Congratulations to DignityUSA and all the plaintiffs in this case for working towards the free flow of information–particularly for helping young people accessing reputable information about LGBT issues and reality!

–Francis DeBernardo, New Ways Ministry

Maryland’s Governor to Speak at New Ways Ministry’s National Symposium!

Governor Martin O'Malley

New Ways Ministry is proud to announce that Maryland’s Catholic Governor Martin O’Malley will be one of hundreds of Catholics participating in our Seventh National Symposium, From Water to Wine:  Lesbian/Gay Catholics and Relationships, March 15th-17th, Baltimore, Maryland!

Governor O’Malley, who has supported Maryland’s marriage equality bill, will be part of this grand gathering of pro-LGBT Catholics on Friday, March 16th. Spread the word! Bring a friend! Please note that registration for Friday only is an option.

As we have been reporting over the last two days, the latest news from Maryland is that the marriage equality bill just passed the state’s House of Delegates!  Its passage in the Senate is virtually guaranteed since it passed there last year easily, and no Senator has announced a vote change. Of course, Governor O’Malley has pledged to sign it.  For a news summary of the bill’s passage, click here. For New Ways Ministry’s response to the passage, click here.

At the Symposium, Governor O’Malley will be joining a stellar line-up of other Catholic national and international speakers on LGBT issues.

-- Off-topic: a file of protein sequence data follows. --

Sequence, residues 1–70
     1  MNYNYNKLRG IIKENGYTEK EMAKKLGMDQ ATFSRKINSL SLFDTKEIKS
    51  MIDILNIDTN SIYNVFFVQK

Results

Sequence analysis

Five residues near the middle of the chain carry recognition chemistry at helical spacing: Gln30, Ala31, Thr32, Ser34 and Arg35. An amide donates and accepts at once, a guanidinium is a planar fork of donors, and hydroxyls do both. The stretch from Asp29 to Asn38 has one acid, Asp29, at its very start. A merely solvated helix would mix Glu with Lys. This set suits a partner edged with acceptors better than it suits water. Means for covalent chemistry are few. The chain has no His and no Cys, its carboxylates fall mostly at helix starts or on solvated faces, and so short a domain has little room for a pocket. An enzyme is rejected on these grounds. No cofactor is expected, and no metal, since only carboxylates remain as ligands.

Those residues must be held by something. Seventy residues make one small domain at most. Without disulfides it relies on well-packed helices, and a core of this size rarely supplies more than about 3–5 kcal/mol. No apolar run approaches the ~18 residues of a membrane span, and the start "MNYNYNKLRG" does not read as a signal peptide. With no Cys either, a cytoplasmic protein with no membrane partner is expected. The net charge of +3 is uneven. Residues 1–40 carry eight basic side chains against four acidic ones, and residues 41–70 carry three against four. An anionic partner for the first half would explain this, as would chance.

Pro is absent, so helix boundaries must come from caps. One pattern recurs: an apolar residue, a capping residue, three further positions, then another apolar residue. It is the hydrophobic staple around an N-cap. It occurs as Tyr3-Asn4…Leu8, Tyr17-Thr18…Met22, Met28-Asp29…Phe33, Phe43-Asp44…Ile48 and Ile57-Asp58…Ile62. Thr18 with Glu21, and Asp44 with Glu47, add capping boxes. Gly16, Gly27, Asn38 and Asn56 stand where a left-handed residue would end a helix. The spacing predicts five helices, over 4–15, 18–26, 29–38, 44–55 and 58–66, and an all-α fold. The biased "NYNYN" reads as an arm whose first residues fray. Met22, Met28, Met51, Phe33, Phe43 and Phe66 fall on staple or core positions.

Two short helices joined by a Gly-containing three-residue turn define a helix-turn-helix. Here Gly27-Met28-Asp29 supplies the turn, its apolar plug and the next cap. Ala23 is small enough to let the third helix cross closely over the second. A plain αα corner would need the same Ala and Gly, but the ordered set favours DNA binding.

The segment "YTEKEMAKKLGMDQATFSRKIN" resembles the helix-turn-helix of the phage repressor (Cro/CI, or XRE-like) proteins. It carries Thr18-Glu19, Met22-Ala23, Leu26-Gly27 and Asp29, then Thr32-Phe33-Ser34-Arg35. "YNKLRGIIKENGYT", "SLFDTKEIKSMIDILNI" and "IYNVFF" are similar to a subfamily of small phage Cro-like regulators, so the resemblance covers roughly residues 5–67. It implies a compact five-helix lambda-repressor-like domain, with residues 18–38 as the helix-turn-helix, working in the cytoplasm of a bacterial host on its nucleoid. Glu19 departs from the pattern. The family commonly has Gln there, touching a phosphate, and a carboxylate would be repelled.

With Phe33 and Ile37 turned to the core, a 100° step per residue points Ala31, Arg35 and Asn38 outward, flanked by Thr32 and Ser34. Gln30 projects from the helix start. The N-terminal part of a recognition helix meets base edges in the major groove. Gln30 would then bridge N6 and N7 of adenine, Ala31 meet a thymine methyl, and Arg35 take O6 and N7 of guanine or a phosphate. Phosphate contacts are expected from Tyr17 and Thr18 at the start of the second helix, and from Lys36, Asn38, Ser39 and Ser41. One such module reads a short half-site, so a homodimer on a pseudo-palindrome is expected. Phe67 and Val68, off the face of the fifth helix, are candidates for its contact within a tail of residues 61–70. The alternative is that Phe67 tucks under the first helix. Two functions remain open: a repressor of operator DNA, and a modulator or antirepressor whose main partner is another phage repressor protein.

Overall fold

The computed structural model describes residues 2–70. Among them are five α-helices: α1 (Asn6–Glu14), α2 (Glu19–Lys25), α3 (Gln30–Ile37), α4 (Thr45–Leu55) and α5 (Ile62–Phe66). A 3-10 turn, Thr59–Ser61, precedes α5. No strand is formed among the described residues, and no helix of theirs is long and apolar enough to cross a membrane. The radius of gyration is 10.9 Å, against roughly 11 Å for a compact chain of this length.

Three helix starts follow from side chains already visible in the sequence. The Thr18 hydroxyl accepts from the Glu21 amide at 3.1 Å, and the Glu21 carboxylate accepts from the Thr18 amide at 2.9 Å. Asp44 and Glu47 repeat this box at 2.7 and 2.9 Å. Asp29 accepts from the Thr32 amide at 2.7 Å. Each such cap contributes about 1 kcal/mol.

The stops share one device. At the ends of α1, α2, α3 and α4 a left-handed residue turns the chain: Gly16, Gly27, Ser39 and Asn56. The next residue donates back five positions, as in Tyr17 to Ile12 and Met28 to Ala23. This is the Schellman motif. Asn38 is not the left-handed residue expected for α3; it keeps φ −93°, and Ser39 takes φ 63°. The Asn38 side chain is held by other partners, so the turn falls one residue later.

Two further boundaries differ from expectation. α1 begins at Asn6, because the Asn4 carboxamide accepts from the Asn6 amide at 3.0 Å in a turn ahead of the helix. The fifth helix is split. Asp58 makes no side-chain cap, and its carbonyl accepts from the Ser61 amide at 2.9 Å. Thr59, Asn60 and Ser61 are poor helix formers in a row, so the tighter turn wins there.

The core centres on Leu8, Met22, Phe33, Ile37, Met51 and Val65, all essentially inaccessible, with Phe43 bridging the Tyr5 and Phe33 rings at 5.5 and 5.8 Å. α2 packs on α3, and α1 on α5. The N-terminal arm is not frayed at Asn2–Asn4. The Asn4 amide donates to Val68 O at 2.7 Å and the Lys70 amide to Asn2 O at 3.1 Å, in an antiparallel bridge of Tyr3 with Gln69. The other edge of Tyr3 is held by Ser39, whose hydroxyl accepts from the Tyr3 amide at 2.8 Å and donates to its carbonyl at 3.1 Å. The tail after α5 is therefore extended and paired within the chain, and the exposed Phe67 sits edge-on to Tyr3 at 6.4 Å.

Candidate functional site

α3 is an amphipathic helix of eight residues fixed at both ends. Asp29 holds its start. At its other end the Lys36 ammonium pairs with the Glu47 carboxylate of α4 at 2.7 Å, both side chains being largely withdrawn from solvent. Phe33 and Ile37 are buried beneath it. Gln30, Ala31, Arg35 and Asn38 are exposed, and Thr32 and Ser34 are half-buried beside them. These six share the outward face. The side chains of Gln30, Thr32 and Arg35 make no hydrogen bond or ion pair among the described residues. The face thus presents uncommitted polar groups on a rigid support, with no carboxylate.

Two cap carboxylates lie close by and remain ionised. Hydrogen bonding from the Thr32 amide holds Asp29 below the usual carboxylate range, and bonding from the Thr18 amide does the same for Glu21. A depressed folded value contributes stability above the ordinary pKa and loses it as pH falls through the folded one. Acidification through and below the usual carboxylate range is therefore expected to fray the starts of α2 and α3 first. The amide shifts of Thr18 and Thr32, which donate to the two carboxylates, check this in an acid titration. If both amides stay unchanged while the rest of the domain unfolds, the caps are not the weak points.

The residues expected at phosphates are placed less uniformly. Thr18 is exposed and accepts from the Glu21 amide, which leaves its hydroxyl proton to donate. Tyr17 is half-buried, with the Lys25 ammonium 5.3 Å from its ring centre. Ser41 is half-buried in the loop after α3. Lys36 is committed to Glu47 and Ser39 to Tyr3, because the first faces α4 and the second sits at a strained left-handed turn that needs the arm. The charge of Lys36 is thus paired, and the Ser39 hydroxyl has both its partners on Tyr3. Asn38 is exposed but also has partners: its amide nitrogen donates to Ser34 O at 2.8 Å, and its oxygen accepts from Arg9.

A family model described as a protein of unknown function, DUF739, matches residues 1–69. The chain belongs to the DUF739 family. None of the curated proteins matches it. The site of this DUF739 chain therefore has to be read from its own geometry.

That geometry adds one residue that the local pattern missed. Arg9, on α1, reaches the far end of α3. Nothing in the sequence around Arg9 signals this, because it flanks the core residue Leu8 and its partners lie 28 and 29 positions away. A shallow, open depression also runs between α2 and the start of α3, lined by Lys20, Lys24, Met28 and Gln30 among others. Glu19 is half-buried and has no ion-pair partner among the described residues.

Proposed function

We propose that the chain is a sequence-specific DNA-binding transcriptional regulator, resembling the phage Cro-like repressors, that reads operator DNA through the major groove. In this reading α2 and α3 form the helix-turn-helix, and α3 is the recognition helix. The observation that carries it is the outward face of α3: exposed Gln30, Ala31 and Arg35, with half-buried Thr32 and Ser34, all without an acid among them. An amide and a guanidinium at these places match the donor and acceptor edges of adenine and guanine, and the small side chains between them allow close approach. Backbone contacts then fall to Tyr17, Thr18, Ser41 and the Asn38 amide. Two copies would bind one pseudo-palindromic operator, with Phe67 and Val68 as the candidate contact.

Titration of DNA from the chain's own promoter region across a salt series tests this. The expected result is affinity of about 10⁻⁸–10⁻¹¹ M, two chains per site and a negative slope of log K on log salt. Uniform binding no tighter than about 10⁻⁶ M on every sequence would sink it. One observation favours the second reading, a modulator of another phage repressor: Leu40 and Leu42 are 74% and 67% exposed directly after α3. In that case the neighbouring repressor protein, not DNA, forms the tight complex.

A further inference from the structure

Don’t miss the chance to celebrate Maryland’s becoming the eighth state to enact marriage equality with our state’s Catholic governor at the Symposium!

Because of the postal holiday for Presidents’ Day, the regular registration fee has been extended to the following day, February 21st. You can view symposium details and registration materials by clicking here .

Don’t miss this historic opportunity to meet and thank Governor O’Malley, to network with other pro-LGBT Catholics, to hear dynamic and inspiring speakers, and to celebrate LGBT equality!

–Francis DeBernardo, New Ways Ministry

Good News in Maryland, Bad News in New Jersey

Governor Martin O'Malley is congratulated by Maryland Delegates after the historic marriage equality vote. (NY Times photo)

Yesterday, the Maryland House of Delegates approved a marriage equality bill, virtually guaranteeing it would become law, since the bill is likely to pass the Senate, and Governor Martin O’Malley, a Catholic, has promised to sign it.

Yesterday in New Jersey, however, Governor Chris Christie, a Catholic, vetoed that state’s marriage equality bill which had passed both Assembly and Senate.  The legislature has until January 2014 to override the veto.


The Baltimore Sun report rightly noted O’Malley’s role in the bill’s success in Maryland, and quoted him saying:

“We are a good people. We all want the same things for our kids.”

The Washington Blade’s story carried a quote from O’Malley that reflected the Catholic social teaching principle behind the issue of marriage equality:

“Today, the House of Delegates voted for human dignity.”